National Security Cultures: Patterns of Global Governance

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  • Edition: 1st
  • Format: Nonspecific Binding
  • Copyright: 7/21/2010
  • Publisher: Routledge

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This edited collection examines changes in national security culture in the wake of international events that have threatened regional or global order, and analyses the effects of these divergent responses on international security.ăTracing the links between national security cultures and preferred forms of security governance the work provides a systematic account of perceived security threats and the preferred methods of response with individual chapters on Canada, China, France, Germany, Italy, Japan, Mexico, Russia, UK and USA. Each chapter is written to a common template exploring the role of national security cultures in shaping national responses to the four domains of security governance: prevention, assurance, protection and compellence. The volume provides an analytically coherent framework evaluating whether cooperation in security governance is likely to increase among major states, and if so, the extent to which this will follow either regional or global arrangements.ăBy combining a theoretical framework with strong comparative case studies this volume contributes to the ongoing reconceptualization of security and definition of threat and provides a basis for reaching tentative conclusions about the prospects for global and regional security governance in the early 21 st century. This makes it ideal reading for all students and policymakers with an interest in global security and comparative foreign and security policy.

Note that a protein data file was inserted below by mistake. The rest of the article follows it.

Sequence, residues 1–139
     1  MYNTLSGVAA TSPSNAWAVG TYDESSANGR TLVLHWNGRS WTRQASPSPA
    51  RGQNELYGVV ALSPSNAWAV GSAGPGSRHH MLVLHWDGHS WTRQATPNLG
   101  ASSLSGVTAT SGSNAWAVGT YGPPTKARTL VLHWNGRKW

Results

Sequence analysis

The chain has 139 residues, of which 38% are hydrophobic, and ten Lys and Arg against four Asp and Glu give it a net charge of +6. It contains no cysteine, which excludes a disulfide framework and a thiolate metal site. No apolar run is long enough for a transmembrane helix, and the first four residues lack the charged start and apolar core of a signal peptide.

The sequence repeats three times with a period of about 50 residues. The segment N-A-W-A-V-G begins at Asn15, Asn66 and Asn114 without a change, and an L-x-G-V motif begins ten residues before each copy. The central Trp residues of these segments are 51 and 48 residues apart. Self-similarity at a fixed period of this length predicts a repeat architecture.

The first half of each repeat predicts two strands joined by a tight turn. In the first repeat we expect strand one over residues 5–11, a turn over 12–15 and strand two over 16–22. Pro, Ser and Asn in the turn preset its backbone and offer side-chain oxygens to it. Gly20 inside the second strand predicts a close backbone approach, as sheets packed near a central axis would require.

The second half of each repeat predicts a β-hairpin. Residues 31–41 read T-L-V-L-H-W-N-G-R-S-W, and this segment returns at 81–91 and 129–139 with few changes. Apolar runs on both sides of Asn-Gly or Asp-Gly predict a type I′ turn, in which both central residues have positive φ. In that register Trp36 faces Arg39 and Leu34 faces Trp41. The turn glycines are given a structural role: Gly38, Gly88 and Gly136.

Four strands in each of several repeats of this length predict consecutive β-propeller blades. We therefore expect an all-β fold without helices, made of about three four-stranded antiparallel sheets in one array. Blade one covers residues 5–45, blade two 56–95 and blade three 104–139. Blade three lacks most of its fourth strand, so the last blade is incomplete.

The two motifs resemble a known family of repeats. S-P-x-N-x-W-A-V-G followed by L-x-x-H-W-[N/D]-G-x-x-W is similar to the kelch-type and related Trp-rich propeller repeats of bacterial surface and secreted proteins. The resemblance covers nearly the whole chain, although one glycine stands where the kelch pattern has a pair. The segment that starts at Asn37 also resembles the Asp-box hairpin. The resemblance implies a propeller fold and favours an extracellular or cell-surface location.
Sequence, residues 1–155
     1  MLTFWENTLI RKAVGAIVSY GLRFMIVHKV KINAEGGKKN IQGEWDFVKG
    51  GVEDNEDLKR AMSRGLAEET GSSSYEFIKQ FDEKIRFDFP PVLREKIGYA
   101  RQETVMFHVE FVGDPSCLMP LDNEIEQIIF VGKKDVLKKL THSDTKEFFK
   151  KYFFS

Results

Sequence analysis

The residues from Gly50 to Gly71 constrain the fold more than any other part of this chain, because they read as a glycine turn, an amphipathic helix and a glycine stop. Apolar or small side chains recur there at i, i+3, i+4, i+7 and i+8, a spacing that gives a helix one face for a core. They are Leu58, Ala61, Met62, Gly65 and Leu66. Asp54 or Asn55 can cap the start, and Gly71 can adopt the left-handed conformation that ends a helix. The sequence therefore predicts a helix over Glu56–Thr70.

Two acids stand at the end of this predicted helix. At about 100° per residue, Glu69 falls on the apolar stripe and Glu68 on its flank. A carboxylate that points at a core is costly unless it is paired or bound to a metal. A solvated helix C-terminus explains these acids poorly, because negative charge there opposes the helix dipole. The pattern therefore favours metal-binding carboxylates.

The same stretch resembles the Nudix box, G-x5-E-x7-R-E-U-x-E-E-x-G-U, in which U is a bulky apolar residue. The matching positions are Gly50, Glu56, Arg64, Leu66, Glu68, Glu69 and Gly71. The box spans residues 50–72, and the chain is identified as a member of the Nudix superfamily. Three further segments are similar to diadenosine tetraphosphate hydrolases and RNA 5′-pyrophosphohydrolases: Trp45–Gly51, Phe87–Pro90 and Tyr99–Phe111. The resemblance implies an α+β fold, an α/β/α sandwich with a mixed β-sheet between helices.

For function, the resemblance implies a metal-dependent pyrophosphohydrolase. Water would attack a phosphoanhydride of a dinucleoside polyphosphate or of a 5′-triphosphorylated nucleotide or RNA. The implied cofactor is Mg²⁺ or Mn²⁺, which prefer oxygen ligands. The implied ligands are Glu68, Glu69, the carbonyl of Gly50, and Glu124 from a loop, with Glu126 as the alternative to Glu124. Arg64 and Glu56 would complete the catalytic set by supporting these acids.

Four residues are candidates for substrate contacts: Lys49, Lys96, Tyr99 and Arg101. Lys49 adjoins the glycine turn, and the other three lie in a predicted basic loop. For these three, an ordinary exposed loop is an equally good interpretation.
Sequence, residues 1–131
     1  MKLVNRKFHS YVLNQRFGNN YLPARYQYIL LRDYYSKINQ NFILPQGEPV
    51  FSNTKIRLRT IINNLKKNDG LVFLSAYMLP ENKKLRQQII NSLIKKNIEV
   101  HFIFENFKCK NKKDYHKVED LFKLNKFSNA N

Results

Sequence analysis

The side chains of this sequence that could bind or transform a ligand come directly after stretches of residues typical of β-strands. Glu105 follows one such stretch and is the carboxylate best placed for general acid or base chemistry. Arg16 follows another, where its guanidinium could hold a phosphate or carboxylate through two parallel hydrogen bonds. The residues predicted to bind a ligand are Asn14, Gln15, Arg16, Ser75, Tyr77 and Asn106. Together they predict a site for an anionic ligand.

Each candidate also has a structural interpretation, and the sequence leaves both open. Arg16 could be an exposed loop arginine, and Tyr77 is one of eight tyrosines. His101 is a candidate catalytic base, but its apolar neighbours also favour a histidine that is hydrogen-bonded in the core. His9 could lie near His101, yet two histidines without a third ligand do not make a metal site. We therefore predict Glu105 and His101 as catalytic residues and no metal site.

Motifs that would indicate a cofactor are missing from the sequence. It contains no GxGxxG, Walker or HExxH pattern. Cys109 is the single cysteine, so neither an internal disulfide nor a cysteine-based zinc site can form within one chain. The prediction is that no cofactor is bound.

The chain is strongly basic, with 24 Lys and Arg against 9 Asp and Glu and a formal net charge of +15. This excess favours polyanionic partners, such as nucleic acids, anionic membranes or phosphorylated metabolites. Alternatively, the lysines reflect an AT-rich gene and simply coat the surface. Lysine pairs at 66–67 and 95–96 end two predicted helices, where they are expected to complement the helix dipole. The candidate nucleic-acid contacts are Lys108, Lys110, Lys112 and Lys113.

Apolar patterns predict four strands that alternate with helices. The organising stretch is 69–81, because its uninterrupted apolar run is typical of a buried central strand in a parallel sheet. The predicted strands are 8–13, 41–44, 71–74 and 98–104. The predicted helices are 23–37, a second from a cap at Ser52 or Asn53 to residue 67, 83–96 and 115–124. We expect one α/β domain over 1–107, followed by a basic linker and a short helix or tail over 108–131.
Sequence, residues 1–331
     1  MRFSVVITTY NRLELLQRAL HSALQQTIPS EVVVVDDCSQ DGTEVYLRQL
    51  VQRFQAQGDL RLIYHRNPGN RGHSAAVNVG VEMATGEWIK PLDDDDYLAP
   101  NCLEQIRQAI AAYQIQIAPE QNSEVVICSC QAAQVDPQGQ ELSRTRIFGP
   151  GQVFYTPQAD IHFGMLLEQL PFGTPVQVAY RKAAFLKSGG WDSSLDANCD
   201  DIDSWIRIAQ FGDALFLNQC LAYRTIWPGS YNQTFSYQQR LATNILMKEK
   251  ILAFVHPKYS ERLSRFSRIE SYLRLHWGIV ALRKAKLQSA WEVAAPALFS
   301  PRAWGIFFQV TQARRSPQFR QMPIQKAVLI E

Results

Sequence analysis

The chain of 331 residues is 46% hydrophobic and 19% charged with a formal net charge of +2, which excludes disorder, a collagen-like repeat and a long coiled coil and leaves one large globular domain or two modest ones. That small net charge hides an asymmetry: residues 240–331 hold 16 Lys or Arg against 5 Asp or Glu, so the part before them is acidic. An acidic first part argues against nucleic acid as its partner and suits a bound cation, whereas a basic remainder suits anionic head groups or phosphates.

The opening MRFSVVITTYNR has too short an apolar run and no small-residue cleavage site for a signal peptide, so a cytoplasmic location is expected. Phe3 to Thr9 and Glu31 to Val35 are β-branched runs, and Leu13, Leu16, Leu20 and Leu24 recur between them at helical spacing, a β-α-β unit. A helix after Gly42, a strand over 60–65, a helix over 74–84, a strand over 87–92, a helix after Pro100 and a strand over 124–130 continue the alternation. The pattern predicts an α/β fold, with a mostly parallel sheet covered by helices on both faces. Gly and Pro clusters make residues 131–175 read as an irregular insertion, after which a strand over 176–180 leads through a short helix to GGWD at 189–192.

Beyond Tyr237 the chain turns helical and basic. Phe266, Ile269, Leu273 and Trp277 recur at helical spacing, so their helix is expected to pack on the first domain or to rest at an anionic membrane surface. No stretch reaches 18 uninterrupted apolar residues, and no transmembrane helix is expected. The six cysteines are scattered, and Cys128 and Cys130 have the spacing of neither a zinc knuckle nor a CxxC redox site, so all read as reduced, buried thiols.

Author Biography

Emil J. Kirchner is Professor of European Studies and Jean Monnet Chair at the University of Essex, UK. James Sperling is Professor of Political Science at the University of Akron, Ohio, USA.

Table of Contents

List of Illustrationsp. ix
List of contributorsp. xiii
Prefacep. xvi
Acknowledgementsp. xix
List of abbreviationsp. xx
National security cultures, technologies of public goods supply and security governancep. 1
Europep. 19
France: a departure from exceptionalism?p. 21
Germany: the continuity of changep. 43
Italy: hard tests and soft responsesp. 66
United Kingdom: how much continuity? How much change?p. 85
European Union: moving towards a European security culture?p. 103
North Americap. 125
Canada: facing up to regional security challengesp. 127
Mexico: current and future security challengesp. 152
United States: a full spectrum contributor to governance?p. 172
Eurasiap. 211
China: power, complementarity and reflexivityp. 213
Japan: from deterrence to preventionp. 245
Russia: a global power?p. 265
Conclusion: structure, agency and the barriers to global security governancep. 287
Indexp. 303
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